If the orifice tube is plugged, the high side pressure reading will be lower than normal, and the low side reading will also be lower than normal because no refrigerant is circulating through the system.
If the refrigeration circuit seems to be functioning normally (compressor running, frost or condensation on the high pressure line from the condenser to the evaporator), but no cool air is blowing out of the ducts inside the car (and the blower is working), the fault is likely a BLEND AIR door that is stuck in the HEAT position, or possibly a badly clogged cabin air filter that is restricting airflow. Another possibility would be a fault in the automatic climate control system such as a ad interior temperature sensor or control module.
My advice to you if you know nothing about A/C service is to find a repair shop that specializes in A/C repairs and let them diagnose and repair your air conditioning cooling problem. Today's A/C systems with automatic climate control are very complex and require special tools and know-how to diagnose and repair.
To determine the HIGH SIDE and LOW SIDE pressures inside your vehicle's air conditioning system, you need an A/C Gauge Set. The Gauge Set must be connected to the A/C service ports on vehicle to read the pressures while the system is running.
With the engine OFF, connect the A/C Gauge Set High Pressure Hose (the one with the larger coupler fitting) to the High Side service port (usually located in the compressor output line that goes from the compressor to the condenser). Connect the Low Pressure Hose (the one with the smaller coupling) to the Low Side Service port (usually located on the accumulator, or on the suction hose that goes from the evaporator to the compressor).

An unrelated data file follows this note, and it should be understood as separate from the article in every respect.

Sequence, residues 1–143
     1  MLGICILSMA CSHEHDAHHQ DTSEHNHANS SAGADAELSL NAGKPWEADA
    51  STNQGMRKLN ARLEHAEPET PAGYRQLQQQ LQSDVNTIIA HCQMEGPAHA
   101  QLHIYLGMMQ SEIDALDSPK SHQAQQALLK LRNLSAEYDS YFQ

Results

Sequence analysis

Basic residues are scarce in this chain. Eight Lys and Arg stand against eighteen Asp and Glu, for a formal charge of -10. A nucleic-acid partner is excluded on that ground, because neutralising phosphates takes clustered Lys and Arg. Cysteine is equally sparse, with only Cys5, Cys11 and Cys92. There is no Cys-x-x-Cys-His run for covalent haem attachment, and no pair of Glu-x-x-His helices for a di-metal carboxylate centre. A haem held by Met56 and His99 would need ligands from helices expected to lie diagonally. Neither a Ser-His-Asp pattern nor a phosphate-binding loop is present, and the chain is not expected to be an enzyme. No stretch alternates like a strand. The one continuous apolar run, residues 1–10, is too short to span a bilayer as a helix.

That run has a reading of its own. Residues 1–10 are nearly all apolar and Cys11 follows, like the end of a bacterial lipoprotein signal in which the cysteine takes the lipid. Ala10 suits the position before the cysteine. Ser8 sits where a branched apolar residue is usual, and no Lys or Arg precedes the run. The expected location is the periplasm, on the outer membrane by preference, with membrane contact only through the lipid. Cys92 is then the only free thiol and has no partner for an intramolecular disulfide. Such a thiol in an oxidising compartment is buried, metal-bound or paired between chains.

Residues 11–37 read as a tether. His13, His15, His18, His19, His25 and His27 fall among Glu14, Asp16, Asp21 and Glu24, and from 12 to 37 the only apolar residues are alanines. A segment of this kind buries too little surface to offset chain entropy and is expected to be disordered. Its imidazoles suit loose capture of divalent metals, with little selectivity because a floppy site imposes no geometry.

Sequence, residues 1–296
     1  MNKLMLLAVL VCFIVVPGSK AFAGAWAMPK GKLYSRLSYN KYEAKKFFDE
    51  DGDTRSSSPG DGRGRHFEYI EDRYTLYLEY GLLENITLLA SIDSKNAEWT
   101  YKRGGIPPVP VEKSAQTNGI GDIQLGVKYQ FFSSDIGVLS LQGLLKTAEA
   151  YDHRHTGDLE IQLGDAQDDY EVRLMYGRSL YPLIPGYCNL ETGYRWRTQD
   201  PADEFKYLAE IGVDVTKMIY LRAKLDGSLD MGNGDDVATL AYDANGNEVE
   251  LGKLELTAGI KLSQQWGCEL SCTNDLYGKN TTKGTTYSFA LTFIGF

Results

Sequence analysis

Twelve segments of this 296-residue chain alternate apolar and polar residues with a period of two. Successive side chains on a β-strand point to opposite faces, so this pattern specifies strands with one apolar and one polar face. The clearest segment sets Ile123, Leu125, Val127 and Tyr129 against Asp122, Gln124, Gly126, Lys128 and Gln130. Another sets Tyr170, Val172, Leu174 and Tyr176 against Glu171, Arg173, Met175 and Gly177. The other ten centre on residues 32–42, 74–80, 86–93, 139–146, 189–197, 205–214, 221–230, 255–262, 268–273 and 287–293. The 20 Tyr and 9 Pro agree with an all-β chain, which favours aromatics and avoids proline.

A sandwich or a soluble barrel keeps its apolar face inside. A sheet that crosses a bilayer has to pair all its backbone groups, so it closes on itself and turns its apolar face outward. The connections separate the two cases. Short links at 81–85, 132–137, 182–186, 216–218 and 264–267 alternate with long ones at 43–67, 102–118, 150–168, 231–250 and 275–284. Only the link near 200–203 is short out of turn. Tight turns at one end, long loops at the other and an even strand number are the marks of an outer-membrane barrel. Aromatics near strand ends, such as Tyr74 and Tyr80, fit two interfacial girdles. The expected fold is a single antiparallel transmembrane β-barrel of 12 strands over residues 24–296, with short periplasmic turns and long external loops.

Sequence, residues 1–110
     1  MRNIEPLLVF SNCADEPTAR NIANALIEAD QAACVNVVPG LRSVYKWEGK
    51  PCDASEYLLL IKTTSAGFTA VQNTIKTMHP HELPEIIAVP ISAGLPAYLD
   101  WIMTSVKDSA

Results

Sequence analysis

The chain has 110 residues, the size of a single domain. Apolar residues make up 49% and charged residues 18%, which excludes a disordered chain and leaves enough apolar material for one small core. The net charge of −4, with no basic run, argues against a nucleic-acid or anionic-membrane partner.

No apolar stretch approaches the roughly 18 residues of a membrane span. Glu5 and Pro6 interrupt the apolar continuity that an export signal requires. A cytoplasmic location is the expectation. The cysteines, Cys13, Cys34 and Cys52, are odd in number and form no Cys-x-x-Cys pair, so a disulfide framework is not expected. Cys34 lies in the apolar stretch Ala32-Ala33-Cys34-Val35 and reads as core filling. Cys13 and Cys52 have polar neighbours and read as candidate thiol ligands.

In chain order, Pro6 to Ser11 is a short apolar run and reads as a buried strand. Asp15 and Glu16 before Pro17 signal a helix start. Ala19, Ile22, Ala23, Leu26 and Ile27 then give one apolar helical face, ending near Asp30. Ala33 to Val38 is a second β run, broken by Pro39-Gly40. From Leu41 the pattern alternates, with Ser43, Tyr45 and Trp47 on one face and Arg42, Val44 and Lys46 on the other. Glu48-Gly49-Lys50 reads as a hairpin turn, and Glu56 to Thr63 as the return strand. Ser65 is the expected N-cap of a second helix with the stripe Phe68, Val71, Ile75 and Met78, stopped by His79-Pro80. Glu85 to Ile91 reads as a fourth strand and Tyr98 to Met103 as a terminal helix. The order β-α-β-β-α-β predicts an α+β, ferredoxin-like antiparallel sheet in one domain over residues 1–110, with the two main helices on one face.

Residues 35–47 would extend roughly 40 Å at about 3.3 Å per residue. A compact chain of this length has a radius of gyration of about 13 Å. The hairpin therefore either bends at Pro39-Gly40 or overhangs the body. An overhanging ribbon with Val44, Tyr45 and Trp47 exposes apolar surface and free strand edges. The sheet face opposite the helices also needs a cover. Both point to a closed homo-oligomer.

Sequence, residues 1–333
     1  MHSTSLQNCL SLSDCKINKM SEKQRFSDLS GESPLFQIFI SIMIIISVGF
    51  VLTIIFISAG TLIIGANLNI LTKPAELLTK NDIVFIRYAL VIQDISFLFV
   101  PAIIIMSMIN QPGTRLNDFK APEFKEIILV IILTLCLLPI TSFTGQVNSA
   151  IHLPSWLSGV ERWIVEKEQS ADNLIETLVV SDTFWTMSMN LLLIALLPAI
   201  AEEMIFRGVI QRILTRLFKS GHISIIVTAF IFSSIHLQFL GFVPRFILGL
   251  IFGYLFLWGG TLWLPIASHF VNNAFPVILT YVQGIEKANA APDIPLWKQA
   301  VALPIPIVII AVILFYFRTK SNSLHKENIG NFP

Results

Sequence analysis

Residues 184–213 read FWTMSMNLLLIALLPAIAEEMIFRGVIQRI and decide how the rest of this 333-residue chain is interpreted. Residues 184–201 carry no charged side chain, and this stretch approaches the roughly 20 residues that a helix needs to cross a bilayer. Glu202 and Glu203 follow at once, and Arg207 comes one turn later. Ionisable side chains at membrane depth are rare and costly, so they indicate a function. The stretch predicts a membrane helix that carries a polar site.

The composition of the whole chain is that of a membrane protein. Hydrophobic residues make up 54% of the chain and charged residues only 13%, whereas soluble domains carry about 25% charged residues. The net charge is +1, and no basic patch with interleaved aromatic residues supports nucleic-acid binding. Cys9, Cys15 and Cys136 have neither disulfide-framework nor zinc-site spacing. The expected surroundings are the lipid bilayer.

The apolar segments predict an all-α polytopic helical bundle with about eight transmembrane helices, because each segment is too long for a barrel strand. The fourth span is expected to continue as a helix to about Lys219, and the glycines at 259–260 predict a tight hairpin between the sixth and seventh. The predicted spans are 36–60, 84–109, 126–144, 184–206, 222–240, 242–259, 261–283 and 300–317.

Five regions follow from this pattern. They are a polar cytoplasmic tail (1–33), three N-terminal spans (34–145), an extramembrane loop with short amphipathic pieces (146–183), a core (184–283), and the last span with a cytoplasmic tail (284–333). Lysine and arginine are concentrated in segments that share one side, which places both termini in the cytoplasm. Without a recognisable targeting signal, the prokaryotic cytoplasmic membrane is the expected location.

Start the engine, turn on the A/C to MAX, and rev the engine to 2000 RPM. Hold the engine speed and note the High and Low side pressure gauge readings.
NOTE: High and Low side pressure readings will vary with ambient temperature and humidity. The higher the temperature and/or humidity, the higher the gauge readings.
With late model R134a systems, good high pressure readings should range from 150 to 220 PSI at 80 degrees F, 170 to 250 PSI at 90 degrees F, and 195 to 280 PSI at 100 degrees F.
A High side pressure reading of less than 150 PSI indicates a low charge or a compressor problem. A high pressure reading over 300 PSI would indicate an overcharge condition (too much refrigerant in system) or a restriction in the high side.
Good low pressure readings with R134a should usually be in the 30 to 35 PSI range. If higher, there may be a low side restriction. If the reading is lower, the system may be low on refrigerant.
With older R12 A/C systems (1994 model year vehicles an older that have NOT been retrofitted to R134a), the HIGH side pressure readings will typically be 150 to 185 PSI at 80 degrees F, 175 to 205 PSI at 90 degrees F, and 200 to 250 PSI at 100 degrees F. Normal LOW side readings with R12 should be around 20 to 30 PSI for an expansion valve system, or 15 to 40 PSI for an orifice tube system.